TORONTO (AP) - The former Canadian ambassador to Iran who protected Americans at great personal risk during the 1979 Iran hostage crisis said Monday it was good to hear Ben Affleck thank Canada after Affleck's film "Argo" won the Oscar for best picture.
"Argo" came under criticism from some Canadians, including former ambassador Ken Taylor, who said he felt slighted by the movie because it makes Canada look like a meek observer to CIA heroics. Taylor says it minimizes Canada's role in the Americans' rescue.
Taylor criticized Affleck on Friday and said he hoped Affleck would acknowledge Canada's role. Affleck briefly thanked Canada in his acceptance speech Sunday.
"Finally, he mentioned Canada," Taylor said. "Under the circumstances, I think that was fine. It certainly acknowledged Canada. I think certainly the movie was about CIA agent Tony Mendez. I think that President Carter's remarks put everything in proportion."
Carter appeared on television last week and said, "90 percent of the contributions to the ideas and the consummation of the plan was Canadian," but the film "gives almost full credit to the American CIA."
Taylor kept the Americans hidden at his residence and at the home of his deputy, John Sheardown, in Tehran for three months and facilitated their escape by arranging plane tickets and persuading the Ottawa government to issue fake passports. He also agreed to go along with the CIA's film production cover story to get the Americans out of Iran.
Taylor became a hero in Canada and in the United States where crowds celebrated with banners that proclaimed, "Thank you, Canada."
Taylor said the movie makes it seem like the Canadians were just along for the ride. Taylor and Carter both noted that Mendez, played by Affleck in the film, was only in Iran for a day and a half.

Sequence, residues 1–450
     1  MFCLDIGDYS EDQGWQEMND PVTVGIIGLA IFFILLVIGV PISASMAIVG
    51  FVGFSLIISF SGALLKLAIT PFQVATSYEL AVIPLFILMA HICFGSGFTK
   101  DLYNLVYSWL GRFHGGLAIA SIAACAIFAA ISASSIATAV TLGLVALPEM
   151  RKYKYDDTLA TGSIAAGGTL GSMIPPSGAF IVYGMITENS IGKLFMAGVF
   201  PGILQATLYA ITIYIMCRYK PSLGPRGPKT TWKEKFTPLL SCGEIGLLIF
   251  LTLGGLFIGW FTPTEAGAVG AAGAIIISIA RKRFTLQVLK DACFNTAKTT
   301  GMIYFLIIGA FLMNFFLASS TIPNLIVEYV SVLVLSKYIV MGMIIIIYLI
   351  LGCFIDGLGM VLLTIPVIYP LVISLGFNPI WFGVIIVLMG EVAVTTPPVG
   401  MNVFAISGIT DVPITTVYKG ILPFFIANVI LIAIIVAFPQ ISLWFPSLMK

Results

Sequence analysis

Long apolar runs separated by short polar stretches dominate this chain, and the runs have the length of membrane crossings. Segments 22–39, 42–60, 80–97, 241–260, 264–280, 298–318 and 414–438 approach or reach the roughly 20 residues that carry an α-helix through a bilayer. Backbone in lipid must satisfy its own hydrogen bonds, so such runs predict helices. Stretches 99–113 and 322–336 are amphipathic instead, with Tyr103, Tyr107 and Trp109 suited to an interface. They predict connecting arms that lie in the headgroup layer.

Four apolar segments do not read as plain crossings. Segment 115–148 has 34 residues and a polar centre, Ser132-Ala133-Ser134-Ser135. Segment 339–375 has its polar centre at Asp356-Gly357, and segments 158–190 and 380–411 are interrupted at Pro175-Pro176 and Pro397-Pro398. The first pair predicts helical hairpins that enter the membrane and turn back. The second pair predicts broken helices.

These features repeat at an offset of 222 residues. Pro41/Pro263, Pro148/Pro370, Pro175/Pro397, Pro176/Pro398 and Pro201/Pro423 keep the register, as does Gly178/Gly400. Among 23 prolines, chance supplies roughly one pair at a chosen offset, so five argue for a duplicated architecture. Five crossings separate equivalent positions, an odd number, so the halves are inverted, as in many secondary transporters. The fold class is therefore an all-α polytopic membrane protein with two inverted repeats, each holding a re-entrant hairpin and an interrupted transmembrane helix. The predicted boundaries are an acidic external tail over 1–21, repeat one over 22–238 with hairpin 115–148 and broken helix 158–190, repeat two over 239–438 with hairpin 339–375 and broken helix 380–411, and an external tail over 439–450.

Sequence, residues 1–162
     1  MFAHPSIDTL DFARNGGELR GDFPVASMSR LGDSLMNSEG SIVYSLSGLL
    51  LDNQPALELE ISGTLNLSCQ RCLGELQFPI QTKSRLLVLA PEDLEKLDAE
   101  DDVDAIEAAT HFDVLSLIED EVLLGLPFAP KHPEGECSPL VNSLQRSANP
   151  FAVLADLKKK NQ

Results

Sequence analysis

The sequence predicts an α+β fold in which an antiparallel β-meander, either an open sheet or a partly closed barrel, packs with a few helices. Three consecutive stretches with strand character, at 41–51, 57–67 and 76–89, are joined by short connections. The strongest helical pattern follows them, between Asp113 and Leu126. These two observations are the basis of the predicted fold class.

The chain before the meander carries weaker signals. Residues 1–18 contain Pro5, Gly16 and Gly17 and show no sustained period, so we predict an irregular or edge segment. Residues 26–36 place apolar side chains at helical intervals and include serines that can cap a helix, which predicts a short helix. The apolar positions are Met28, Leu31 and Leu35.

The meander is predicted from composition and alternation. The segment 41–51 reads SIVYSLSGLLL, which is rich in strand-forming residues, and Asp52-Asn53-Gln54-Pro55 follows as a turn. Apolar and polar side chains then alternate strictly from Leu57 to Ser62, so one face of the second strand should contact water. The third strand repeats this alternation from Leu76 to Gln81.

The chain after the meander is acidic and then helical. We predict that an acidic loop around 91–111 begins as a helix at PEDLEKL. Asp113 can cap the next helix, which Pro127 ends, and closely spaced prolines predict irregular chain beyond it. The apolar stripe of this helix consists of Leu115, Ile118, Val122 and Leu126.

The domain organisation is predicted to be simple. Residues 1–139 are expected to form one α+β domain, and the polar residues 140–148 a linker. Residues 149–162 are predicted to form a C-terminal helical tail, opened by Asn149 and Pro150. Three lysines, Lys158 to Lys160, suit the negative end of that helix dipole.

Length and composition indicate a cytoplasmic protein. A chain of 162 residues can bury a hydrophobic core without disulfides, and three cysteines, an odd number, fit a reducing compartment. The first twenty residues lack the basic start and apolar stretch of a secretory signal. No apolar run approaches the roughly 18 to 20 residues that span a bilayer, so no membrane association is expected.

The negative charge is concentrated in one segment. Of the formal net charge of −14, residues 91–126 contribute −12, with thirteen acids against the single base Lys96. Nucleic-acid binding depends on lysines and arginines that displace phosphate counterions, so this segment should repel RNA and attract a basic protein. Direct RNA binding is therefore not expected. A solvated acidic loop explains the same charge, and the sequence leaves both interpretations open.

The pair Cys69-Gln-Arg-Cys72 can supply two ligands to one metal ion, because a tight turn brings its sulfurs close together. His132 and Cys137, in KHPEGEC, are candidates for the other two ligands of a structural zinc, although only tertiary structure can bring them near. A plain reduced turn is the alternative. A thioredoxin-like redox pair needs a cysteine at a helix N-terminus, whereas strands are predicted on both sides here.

"The movie is done. President Carter expressed his views, and that's where we sit. I think, being realistic, there's not much at this point that can be realized," Taylor said.
"Argo" also makes no mention of Sheardown, the First Secretary at the embassy. Taylor said it was Sheardown who took the first call from the American diplomats who had evaded capture when Iranian militants seized the U.S. Embassy in November 1979 and agreed right away to take the Americans in. Sheardown died on Dec. 30, and his wife, Zena, called the movie disappointing.
"Argo" screenwriter Chris Terrio, who won best adapted screenplay prize Sunday night, mentioned Taylor and Sheardown in his speech after saluting Mendez.
"Thirty-three years ago Tony, using nothing but his creativity and his intelligence, got six people out of a very bad situation," said Terrio, who based his script on Mendez's book "The Master of Disguise" and a Wired magazine article by Joshuah Bearman.
"And so I want to dedicate this to him and the Taylors and the Sheardowns and people all over the world in the U.S., in Canada, in Iran, who use creativity and intelligence to solve problems non-violently."
Taylor appreciated that Terrio mentioned Sheardown, Sheardown's wife and Taylor's wife.
"He dedicated it to Tony Mendez. That was what his script was about, it so that's understandable. I think that recognition of both Pat and myself and John and Zena was in a sense welcomed," he said.
During a recent talk in Toronto, Taylor took issue with a myriad of creative liberties in "Argo" and said Terrio "had no idea" what he was talking about.
Friends of Taylor were outraged last September when "Argo" debuted at the Toronto International Film Festival. The original postscript of the movie said that Taylor received 112 citations and awards for his work in freeing the hostages and suggested Taylor didn't deserve them because the movie ends with the CIA deciding to let Canada have the credit for helping the Americans escape.
Taylor called the postscript lines "disgraceful and insulting" and said it would have caused outrage in Canada if the lines were not changed. Affleck flew Taylor to Los Angeles after the Toronto debut and allowed him to insert a postscript that gave Canada some credit.